Matthias Nahrendorf, MD PhD, is a Professor at Harvard Medical School and a Principal Investigator at the MGH Center for Systems Biology. He studies the function, supply and production of leukocytes, and the signals that regulate hematopoiesis after injuries such as myocardial infarction or stroke. He described that after MI, the spleen releases a large population of ready-made leukocytes that travel to the ischemic heart (Science 2009). He further found that MI and chronic stress increases sympathetic nerve activity in the bone marrow. This modulates the hematopoietic stem cell niche, activating migration and proliferation of myeloid progenitor cells (Nature 2012, Nat Med 2014). Resident macrophages, on the other hand, do not derive from circulating cells and promote steady state functions such as cardiac conduction (Cell 2017). The laboratory also develops and employs imaging to sample biology non-invasively, using MR, nuclear, optical and microscopic modalities. Dr. Nahrendorf is an editorial board member of the European Heart Journal, JACC, Circ Res, ATVB, Circulation, Cardiovascular Research and The Journal of Nuclear Medicine. He published >200 peer reviewed articles, was given the MGH Research Scholar Award in 2014, the Basic research Award of the German Society of Cardiology in 2015 and the NHLBI Outstanding Investigator Award in 2018.
Wednesday 29 May 08:30
The immune system: The next game-changer?
Development of atherogenesis involves a complex interplay between lipids, inflammatory stress and cellular immune responses. Circulating monocytes have been shown to have a pivotal role in plaque inflammation, infiltrating the plaque where they differentiate into macrophages, and further exacerbate the inflammatory environment. Recent studies have implicated that the ‘neural-hematopoietic’ inflammatory axis as a key driver of atherogenesis. Imaging approaches may hold the key to understanding vascular changes in the bone marrow during acute inflammation and help to identify novel therapeutic targets.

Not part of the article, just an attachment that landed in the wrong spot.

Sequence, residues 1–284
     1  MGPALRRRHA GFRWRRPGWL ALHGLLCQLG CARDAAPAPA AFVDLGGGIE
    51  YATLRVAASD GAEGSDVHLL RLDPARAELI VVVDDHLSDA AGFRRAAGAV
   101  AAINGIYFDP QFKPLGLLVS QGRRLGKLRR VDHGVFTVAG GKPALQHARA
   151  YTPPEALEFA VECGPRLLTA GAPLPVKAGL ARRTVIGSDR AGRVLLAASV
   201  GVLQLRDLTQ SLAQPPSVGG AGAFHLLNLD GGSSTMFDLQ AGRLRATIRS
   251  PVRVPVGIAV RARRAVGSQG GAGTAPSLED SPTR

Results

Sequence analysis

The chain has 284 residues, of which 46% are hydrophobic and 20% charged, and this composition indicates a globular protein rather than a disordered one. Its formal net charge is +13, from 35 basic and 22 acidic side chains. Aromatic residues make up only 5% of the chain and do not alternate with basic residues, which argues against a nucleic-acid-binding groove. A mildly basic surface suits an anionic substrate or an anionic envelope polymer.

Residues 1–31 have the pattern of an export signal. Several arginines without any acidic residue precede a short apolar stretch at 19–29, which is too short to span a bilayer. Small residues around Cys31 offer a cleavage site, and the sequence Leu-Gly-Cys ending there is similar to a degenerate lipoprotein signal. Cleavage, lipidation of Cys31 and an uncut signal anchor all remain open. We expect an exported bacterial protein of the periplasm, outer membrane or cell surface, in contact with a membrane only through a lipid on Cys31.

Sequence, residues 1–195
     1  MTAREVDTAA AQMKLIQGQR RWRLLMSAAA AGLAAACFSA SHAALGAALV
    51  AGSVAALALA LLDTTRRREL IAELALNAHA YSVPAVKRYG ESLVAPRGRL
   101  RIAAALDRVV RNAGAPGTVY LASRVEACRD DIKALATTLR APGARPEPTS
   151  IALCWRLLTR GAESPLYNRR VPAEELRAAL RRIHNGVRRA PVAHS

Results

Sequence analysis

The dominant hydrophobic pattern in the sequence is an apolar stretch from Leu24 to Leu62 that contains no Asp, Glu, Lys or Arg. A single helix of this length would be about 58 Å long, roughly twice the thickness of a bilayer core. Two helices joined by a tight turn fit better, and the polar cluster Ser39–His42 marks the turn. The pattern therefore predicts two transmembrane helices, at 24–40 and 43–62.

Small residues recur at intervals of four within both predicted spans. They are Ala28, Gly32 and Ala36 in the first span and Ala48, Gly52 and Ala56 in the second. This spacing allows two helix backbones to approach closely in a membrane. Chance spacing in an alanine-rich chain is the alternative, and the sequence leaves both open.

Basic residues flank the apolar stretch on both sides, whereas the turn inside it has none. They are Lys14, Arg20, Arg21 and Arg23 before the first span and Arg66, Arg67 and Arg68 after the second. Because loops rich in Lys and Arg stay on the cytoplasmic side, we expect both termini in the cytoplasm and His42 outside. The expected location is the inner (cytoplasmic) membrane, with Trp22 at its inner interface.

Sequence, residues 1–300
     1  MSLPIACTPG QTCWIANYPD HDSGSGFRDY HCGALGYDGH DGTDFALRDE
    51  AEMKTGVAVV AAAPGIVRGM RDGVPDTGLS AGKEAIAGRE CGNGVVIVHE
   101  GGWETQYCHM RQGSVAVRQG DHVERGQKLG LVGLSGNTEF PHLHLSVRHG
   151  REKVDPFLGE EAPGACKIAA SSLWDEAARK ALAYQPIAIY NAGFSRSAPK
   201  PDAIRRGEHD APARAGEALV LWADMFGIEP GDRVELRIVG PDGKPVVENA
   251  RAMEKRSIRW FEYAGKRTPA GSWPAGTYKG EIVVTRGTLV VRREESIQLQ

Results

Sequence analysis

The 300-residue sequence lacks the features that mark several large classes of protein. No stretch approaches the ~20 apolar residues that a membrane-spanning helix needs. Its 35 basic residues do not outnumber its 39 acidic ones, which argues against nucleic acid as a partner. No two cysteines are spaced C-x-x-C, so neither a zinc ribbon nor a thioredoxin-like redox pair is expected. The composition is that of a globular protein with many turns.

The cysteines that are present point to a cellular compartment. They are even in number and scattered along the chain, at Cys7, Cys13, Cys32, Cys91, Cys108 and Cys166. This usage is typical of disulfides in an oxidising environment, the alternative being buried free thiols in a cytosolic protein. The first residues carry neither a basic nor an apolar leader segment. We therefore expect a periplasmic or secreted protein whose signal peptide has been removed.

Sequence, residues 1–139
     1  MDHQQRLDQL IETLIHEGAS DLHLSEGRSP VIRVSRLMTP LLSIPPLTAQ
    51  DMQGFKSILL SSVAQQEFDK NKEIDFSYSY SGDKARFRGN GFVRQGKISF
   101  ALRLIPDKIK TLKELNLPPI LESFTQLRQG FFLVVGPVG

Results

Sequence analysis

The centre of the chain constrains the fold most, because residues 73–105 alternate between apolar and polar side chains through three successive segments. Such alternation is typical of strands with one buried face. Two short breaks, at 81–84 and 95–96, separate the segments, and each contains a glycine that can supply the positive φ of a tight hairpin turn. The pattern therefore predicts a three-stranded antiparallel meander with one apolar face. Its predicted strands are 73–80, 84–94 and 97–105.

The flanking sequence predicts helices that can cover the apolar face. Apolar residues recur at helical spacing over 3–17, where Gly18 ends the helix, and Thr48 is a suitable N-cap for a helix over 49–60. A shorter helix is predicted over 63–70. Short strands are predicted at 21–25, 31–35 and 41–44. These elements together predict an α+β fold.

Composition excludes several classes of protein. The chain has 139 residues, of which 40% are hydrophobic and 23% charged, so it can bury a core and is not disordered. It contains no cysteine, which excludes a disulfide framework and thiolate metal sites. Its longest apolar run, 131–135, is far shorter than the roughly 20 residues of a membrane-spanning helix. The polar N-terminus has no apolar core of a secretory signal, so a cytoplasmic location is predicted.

Monocytes and monocyte-derived macrophages also play a key role in the immune response to cardiac ischaemia associated with myocardial infarction (MI). In particular, pro-inflammatory monocytes dominate the early acute period after MI, with neutrophils the first immune cells present at the site of injury in response to danger-associated molecules released by necrotic tissue. Although neutrophils initially help to clear cellular debris, their inflammatory mediators can lead to tissue damage and further leucocyte recruitment. Monocytes and monocyte-derived macrophages release inflammatory cytokines, proteases, and reactive oxygen which together perpetuate inflammation. There is emerging evidence, however, that neutrophils may also have a protective role in MI, as the lack of neutrophil -derived mediators impacts the ability of cardiac macrophages to clear cellular debris, and promotes a reparative phenotype. Identification of novel targets that restrict the local inflammatory monocyte response and potentiate cardioprotective properties may offer therapeutic potential for immunomodulatory approaches to healing post-MI.
Vandoorne K, Rohde D, Kim HY, Courties G, Wojtkiewicz GR, Honold L, Hoyer FF, Frodermann V, Nayar R, Herisson FE, Jung Y, Désogère P, Vinegoni C, Caravan P, Weissleder R, Sosnovik DE, Lin CP, Swirski FK, Nahrendorf M. Imaging the vascular bone marrow niche during inflammatory stress. Circ Res 2018; doi: 10.1161/CIRCRESAHA.118.313302. [Epub ahead of print]
Honold L, Nahrendorf M. Resident and monocyte-derived macrophages in cardiovascular disease. Circ Res 2018; 122:113-27.
Hoogeveen RM, Nahrendorf M, Riksen NP, Netea MG, de Winther MPJ, Lutgens E, Nordestgaard B, Neidhart M, Stroes ESG, Catapano AL, Bekkering S. Monocyte and haematopoietic progenitor reprogramming as common mechanism underlying chronic inflammatory and cardiovascular diseases. Eur Heart J 2017 doi: 10.1093/eurheartj/ehx581. [Epub ahead of print]